Yesterday in Parliament Fiona contributed to a debate which shone a spotlight on Violence against Christians in central Africa. Fiona's contributions focused specifically on the plight of Christians in Nigeria.
Fiona's speech can be read below - the full debate is available here.
"It is a pleasure to speak as vice-chairman of the all-party parliamentary group on international freedom of religion or belief. I thank our chairman, the hon. Member for Strangford (Jim Shannon) not only for securing this debate and for an excellent, passionate speech but for his enduring commitment to freedom of religion or belief.
I, too, want to focus on Nigeria. There are multiple drivers of the deeply concerning and increasing causes of violence there, including issues that are specific to a local area’s history, politics and ethno-linguistic make-up, and resource competition. However, we must call out the reality that, today, is this: extremist Islamist ideology is the key driver of violence across Nigeria. The victims are Christians, Muslims and those of other faiths or of no faith at all. I visited Nigeria in 2016 and took the then head of the Christian Association of Nigeria to meet UK Department for International Development representatives to convey to them that the root of so much violence then was religious tensions. As the Prime Minister’s special envoy for freedom of religion or belief, I am mandated to lead on the full implementation of the recommendations of the Bishop of Truro’s 2019 review by July 2022. That review describes perpetrators of atrocities in Nigeria as “militant Fulani Islamist herdsmen” and concludes:
“Fulani attacks have repeatedly demonstrated a clear intent to target Christians, and potent symbols of Christian identity.”
In June 2020, the all-party parliamentary group published its report, “Nigeria: Unfolding Genocide?” That two-year in-depth inquiry described in detail violations of freedom of religion or belief. The report was taken extremely seriously by the US State Department. I have been told that it contributed to the US designating Nigeria as a country of particular concern. I know from meetings that I held earlier this year, from elected parliamentarians in Nigeria, from a governor there and from NGOs how much that report was appreciated by them in Nigeria. It is cited it as shining a light on the grievous violations of FORB in that country.
The impact of this violence on the young and the upcoming generation is acute. Indeed, a recent UNICEF report stated that 1 million Nigerian children are missing school due to mass kidnappings. Their parents are now too frightened to send them to school. The knock-on effects of that on their loss of education and their ability to earn a livelihood are acute.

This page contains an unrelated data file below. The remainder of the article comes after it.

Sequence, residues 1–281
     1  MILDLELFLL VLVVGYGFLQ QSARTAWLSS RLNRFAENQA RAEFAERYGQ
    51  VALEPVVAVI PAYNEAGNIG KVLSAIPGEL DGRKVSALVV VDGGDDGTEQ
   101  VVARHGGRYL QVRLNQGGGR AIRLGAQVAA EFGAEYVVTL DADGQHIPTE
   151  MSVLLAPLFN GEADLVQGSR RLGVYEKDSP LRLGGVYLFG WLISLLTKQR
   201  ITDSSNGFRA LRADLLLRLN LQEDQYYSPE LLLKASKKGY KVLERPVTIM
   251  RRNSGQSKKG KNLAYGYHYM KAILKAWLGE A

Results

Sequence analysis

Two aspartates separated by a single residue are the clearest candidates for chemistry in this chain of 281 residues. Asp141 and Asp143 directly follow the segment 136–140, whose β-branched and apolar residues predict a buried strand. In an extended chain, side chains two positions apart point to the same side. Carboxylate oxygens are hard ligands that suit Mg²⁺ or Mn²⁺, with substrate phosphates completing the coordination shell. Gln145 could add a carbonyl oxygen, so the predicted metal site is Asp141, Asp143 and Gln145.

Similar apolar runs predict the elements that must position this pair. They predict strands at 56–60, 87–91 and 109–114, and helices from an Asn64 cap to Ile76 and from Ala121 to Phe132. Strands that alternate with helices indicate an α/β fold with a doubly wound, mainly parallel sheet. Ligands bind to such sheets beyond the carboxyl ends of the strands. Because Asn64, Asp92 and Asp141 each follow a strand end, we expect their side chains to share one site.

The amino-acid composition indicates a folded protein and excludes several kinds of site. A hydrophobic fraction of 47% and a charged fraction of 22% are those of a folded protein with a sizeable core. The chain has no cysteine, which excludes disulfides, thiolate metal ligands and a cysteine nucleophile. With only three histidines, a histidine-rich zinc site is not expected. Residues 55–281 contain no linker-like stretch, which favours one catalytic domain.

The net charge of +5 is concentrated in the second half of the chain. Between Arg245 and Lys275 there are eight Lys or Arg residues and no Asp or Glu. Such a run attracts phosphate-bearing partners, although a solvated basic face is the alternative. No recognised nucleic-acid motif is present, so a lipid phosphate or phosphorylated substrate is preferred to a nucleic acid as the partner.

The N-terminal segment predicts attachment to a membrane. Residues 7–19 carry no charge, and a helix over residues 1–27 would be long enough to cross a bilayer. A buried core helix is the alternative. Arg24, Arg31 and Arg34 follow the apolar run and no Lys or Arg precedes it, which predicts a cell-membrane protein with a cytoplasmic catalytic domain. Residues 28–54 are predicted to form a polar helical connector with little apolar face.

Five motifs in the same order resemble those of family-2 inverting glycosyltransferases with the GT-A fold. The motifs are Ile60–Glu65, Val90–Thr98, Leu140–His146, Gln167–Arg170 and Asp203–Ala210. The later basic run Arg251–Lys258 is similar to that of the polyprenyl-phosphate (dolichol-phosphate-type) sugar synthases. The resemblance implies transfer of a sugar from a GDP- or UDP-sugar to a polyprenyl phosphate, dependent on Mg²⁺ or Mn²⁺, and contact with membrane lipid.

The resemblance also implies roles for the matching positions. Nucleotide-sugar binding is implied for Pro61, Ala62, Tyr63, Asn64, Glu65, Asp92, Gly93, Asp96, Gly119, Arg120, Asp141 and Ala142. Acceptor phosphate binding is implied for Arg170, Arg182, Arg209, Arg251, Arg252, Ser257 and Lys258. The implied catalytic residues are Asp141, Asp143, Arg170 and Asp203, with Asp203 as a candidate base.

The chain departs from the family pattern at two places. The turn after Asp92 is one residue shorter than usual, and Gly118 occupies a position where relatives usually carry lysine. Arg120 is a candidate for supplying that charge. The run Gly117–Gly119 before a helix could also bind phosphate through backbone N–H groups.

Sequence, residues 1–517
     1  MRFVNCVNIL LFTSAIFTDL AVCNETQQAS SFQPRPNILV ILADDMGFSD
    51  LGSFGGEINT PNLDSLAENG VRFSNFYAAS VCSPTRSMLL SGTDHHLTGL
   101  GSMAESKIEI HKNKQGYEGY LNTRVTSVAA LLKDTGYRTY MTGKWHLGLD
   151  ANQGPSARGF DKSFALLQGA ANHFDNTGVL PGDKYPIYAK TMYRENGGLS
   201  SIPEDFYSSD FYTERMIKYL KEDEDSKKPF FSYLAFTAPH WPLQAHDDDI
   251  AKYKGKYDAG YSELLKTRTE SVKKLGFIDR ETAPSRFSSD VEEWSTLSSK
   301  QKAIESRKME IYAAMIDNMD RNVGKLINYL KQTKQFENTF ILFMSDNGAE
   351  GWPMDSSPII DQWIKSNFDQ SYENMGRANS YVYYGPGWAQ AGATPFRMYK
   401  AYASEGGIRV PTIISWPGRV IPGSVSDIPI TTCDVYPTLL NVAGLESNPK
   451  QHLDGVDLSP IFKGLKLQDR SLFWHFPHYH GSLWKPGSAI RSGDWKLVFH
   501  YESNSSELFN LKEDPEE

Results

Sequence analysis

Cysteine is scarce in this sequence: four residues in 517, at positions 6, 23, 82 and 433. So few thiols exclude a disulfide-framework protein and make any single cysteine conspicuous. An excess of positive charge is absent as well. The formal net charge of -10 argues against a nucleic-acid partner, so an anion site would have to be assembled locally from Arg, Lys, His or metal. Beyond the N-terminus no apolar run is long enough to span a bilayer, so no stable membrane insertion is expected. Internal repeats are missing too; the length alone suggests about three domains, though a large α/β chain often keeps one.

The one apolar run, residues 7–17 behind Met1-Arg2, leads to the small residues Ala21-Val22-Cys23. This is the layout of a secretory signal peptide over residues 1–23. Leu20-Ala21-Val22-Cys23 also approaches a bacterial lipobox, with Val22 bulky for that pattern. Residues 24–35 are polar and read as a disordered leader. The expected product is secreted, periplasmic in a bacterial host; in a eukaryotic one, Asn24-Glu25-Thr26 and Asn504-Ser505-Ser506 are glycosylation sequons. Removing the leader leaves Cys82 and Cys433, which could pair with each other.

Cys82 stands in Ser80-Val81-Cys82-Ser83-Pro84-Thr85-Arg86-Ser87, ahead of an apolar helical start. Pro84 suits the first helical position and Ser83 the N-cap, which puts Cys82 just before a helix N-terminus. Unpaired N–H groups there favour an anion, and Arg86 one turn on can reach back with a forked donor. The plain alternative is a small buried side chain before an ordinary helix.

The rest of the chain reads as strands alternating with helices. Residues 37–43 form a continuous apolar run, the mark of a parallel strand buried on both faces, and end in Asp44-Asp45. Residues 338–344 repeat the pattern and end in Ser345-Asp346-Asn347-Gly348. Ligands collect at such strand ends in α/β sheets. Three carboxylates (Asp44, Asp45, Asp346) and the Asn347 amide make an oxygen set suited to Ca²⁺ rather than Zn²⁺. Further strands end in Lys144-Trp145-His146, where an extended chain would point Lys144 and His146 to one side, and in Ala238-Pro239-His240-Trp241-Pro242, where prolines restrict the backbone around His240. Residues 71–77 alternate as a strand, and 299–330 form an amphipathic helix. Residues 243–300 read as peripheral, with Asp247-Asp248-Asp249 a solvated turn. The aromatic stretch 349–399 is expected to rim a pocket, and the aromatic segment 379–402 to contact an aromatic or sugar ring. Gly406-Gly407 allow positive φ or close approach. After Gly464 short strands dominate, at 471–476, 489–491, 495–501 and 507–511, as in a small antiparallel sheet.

I welcome the new Minister to her post. I have had the pleasure of working with her and seeing how effectively she worked in her previous role. When she responds to this debate, I hope that she will agree to meet me, the hon. Member for Strangford and other officers of the APPG about our 2020 report and subsequent concerns. Since that report, those concerns have been exacerbated and are even more pressing. Dr Obadiah Mailafia, a former Nigerian presidential candidate and former deputy governor of the Central Bank of Nigeria, who provided oral and written submissions to our all-party parliamentary group inquiry, sadly died on 19 September 2021 after allegedly receiving poor treatment. In a speech that he delivered just a few days before he died, at a symposium entitled “The role of the Church in nation-building”, Dr Mailafia had warned that the country was “certainly exhibiting the features of a failing state in terms of the kind of violence we are seeing, widespread insecurity, terrorism, the abuse of humanity, criminality, rape, killing, maiming and destruction. We are a failing state.”
He goes on:
“Rival groups control territory. Boko Haram is in control over half of Niger State and if they successfully take over Niger, Abuja will be a walkover. Government cannot provide security for the people. Nowhere is safe in the country. The forests have been taken over by foreign invaders. The economy is collapsing. There is the collapse of the institution. Police, university’s standards are low. Corruption has taken over in the country.”
On 4 August 2021, Intersociety-Nigeria released figures compiled from documented cases of violence that are deeply disturbing. The statistics reveal that in the past 12 years, 43,000 Christians have been killed by Islamist Fulani militia, 18,500 have disappeared—many, I have no doubt, also killed—and 17,500 churches have been attacked. Ten million people uprooted in the north, 6 million forced to flee, 4 million displaced and 2,000 Christian schools have been lost. Within that timeframe, 29,000 Muslims were also killed. The report states that moderate Muslims are targeted for several reasons, “as collateral mistakes or punishment for those collaborating with the ‘unbelievers’ or in revenge for state actor attacks against their targets, or for purpose of enforcement” of extreme interpretations of Islamic sharia law.